Concepts of Money
Money is an all-powerful, persuasive, and influential medium of exchange — and has been from the beginning of recorded history. Merriam Webster defines it as a measure of value or a means of payment, but money’s influence is far more ubiquitous. It could be argued that the genesis of most family conflict is money and money’s influence on the family enterprise system.
Money ranks up there with the most significant developments that have helped advance civilization. Without money, the Dutch could never have bought the island of Manhattan from the Native Americans for $24 in 1626. Today, without money, the family enterprise system would not be the keystone of most developed economies in the world. Money is the common component that ties the family enterprise across generations, and the family’s understanding of money’s purpose can be the difference between success and failure in most enterprises.
Money, its definition and use, is confusing and not well understood. Ask ten people to define money and most likely you’ll come up with ten different responses. This makes it difficult to appreciate and understand how it is the foundation that supports the family enterprise system. In many family enterprises, whoever earns the money, and/or whoever controls it, dictates the fate of the family and, therefore, the business. To understand money is to understand how the family is controlled and by whom. Richard Wagner, JD, CFP, a leading theorist and researcher on the subject of money says:
“Money constitutes a pervasive and powerful secular force. Money is embedded in virtually every public and private issue of significance. Because it shows where our hearts are even as it reveals value systems and priorities. Because we can usually find money lurking about wherever we find either alienation or mutuality between humans or groups of humans or humans and the world around us.”
Stated differently, money is an all-powerful, persuasive, and influential force.
Money as a source of conflict
Within the family enterprise, whether conflict results from financing for expansion, reduction in distributions, or employees’ desire for additional income, the individual’s perception and/or need for money influences the outcome. One shareholder may object to personally signing on to bank debt even if the expansion is in the best interest of the company because of the shareholder’s fear of losing money and thus, the need for financial security. Fights and disagreements over dividend reductions, particularly with non-working shareholder’s that do not understand the internal operations of the business, are often about money’s ability to alter lifestyle and the shareholder’s sense of self-worth around money. The vote for quick, short-term gains usually has at its base, the desire to fund personal wants that have nothing to do with the long-term viability of the business. In all three examples, the failure of the family members to understand what the purpose of money is and how money influences the family enterprise, positively or negatively, will create conflict.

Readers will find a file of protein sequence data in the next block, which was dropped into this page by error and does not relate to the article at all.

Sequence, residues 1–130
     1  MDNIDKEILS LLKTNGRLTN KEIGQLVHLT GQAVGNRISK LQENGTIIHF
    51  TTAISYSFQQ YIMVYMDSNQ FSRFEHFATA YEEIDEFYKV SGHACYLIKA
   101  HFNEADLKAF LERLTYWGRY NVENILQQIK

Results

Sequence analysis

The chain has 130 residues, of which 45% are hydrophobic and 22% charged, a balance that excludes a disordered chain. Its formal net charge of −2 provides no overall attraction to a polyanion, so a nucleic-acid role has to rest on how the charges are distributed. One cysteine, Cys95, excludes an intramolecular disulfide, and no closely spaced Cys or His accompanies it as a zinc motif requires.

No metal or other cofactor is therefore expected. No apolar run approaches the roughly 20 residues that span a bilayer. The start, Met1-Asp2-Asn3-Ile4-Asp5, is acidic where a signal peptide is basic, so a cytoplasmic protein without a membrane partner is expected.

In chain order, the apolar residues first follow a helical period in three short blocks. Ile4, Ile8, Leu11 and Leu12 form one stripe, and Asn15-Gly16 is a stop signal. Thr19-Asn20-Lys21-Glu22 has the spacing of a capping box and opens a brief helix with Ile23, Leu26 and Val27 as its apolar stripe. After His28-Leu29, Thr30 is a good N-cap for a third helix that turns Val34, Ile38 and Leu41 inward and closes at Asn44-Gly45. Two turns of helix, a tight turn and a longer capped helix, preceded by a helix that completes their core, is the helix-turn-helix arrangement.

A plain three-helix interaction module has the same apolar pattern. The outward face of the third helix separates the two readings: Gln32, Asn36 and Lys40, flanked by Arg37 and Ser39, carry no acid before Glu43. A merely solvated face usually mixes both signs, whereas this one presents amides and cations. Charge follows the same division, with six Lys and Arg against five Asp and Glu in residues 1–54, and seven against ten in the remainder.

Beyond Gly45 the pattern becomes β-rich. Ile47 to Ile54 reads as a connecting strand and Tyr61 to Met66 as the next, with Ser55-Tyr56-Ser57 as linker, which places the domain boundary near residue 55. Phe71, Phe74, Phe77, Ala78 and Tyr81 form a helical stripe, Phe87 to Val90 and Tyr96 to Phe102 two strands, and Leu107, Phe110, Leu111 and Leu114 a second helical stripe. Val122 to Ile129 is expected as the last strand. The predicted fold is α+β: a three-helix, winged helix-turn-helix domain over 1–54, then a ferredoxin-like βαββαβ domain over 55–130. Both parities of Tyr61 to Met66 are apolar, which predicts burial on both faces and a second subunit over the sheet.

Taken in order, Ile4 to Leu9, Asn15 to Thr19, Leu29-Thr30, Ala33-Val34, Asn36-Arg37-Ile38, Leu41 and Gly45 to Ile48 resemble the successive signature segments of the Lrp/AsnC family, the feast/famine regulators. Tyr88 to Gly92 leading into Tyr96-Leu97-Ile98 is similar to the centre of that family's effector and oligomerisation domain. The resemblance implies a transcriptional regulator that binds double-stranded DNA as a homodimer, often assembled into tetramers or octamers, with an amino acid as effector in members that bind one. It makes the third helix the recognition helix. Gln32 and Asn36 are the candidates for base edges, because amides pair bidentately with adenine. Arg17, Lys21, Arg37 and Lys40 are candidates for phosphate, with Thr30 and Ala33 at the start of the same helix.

Money’s influence on the family enterprise is more than internal rates of return, asset allocation models, or corporate debt service coverage ratios embedded within bank loans. In a family enterprise, money’s influence is associated with concepts that go back through the ages. Aesop’s fable “The Goose That Laid the Golden Egg” and King Midas in Greek mythology convey moral allegories about the individual’s relationship with money – mostly it’s greed.
Greed and entitlement within the family enterprise is as alive and flourishing today as it was hundreds of years ago. In Aesop’s fable, a cottager and his wife had a hen that laid a golden egg each morning. Assuming that the hen must have a storehouse of eggs inside her, they killed the hen to get the gold. Expecting an immediate windfall, they deprived themselves of the gain they enjoyed daily due to greed.